We must now try to see why, through Christian history from the apostles onward, the death of Jesus has been judged to possess unique and cosmic significance, bringing new life and hope to men. The New Testament nowhere clearly explains why the death of Jesus on the cross should have power to attract men and change the direction of their lives. It uses a variety of ways in order simply to describe the significance of the death of Jesus. The author of Hebrews speaks of it as the sacrifice for sin which Christ offered up once for all time in order to open up a new and living way to God.10Paul speaks of it as the means of reconciling the rebellious and estranged human race with their God.11 But the New Testament does not present us with one explicit and uniform explanation of why the death of this man should have achieved these things.

Christian thinkers through the ages have attempted to spell out in the various theories of the atonement what they thought actually happened in the death of Jesus in order to make it instrumental for men’s salvation. These theories were usually mutually exclusive. They all claimed New Testament warrant, but none of them, however popular for a time, ever became universally accepted by all Christians. Each of the theories reflected the dominant needs of the age in which it came to expression.

In what has been called the Classic Idea of the atonement,12 the cross is seen as the last, decisive battle-ground between God and all the spiritual powers of evil, a conflict in which God, through his Son Jesus Christ, won a final and eternal victory against all the evil that threatens and plagues men. Within a world-view where Spiritual powers and principalities were freely accepted, this view of the cross had the power to win conviction.

In the medieval world men felt burdened with a sense of guilt and sin. The theory of penal satisfaction met this pressing need. It recognized on the one hand that God is just and cannot ignore man s sin, but it showed on the other hand how God, in his Son Jesus Christ, had himself borne the penalty of man’s sin by dying on the cross, thereby making it possible for God in his justice to offer his forgiveness freely to penitent men.

It belongs to the very nature of the power of the cross of Jesus Christ to attract men, that it rises above all our human theories and continues to speak to men of various ages. In each age men must express afresh for themselves, and in the circumstances of their own time, just what particular significance the death of Jesus holds for them. This will depend upon the way in which an individual, or a particular generation, has come to formulate its chief problem in life.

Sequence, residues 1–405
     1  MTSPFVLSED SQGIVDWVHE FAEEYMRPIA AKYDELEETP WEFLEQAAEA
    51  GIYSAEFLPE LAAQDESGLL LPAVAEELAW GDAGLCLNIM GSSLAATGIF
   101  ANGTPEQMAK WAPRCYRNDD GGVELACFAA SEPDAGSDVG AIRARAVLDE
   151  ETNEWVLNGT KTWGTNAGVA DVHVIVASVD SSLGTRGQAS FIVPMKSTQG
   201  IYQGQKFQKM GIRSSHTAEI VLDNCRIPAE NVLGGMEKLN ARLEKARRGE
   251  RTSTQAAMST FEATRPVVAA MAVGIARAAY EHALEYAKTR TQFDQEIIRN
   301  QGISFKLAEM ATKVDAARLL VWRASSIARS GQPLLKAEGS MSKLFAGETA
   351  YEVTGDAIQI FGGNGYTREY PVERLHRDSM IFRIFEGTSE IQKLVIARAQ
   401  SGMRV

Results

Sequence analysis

The problem of modern man is not that of finding deliverance from the unseen powers of evil, or from the burden of guilt, but is the search for meaning in human existence. The meaning of the life of any individual is chiefly threatened by the phenomenon of death. In the context of created life as a whole, and in the continuance of the human species, we can see that death has a positive role to play. But when the individual man contemplates the death that will eventually bring his own historical existence to an end, it threatens him with the annihilation of what he is and what he has been. Man is the only living creature known to us who has to live his life in the face of the foreknowledge that he is going to die. This must necessarily affect his attitude to everything he does, the more he looks into the future. Why should one attempt anything at all, if it is going to be obliterated and end in nothingness in the course of time?

From primeval man onwards, so far as we can ascertain, man has imagined that death was followed by some form of afterlife in a spirit-world, or by a re-incarnation in this world. In this way man has cushioned himself against the sharpness of death by refusing to accept it as final. It is not the purpose of Christianity to provide a more sophisticated and viable belief in such an after-life even though, in popular thought, it has often appeared to do so.

It is no accident that Christianity arose from a people who were rather unique in the ancient world for the following two reasons among others. First, they pioneered a concern for the meaning of history. They saw that if life had any meaning it had to be sought within the intricate web of history being spun by men in the world of here and now. Secondly, and partly as a result of the first, they were led virtually to abandon any interest in an after-life.13 The significance which came to be attached to the death of Jesus, and the resurrection-talk associated with it, need to be understood in the light of this heritage of Israel which preceded it.

Man finds the phenomenon of death a threat to the meaning of his existence not simply because it is part of the natural order of creation, for when a man is spared to live a long, fruitful and satisfying life, his aging and worn-out body causes him to find the indefinite prolongation of life a source of pain and suffering which could become increasingly intolerable. When death brings the cessation of consciousness and feeling, this in itself may be a welcome form of rest and peace. The sting of death is more to be found in the fact that it appears to obliterate all that a man has been and has achieved before his death. For this reason death threatens man as an evil enemy to be fought and kept at bay.

The evil element in death is further to be seen in the fact that it stands over man as a threat from the time of his birth. Some men die, long before they expect to, because of famine, disease, war, accident and so on. Some of the evil associated with death is directly traceable to the evil to be discerned in man himself. The death of half a million people in East Pakistan by a tidal wave shakes us and wins our immediate sympathy. But the deliberate and carefully planned extermination of six million Jews in Europe moves us to anger, for it strikes us as an evil which is quite literally demonic, just because the responsibility for it lies in the will of man himself. But not all the evil in the world is directly, or even indirectly, traceable to man, and that is why the origin and presence of evil in the world remain perennial problems to baffle the mind of man.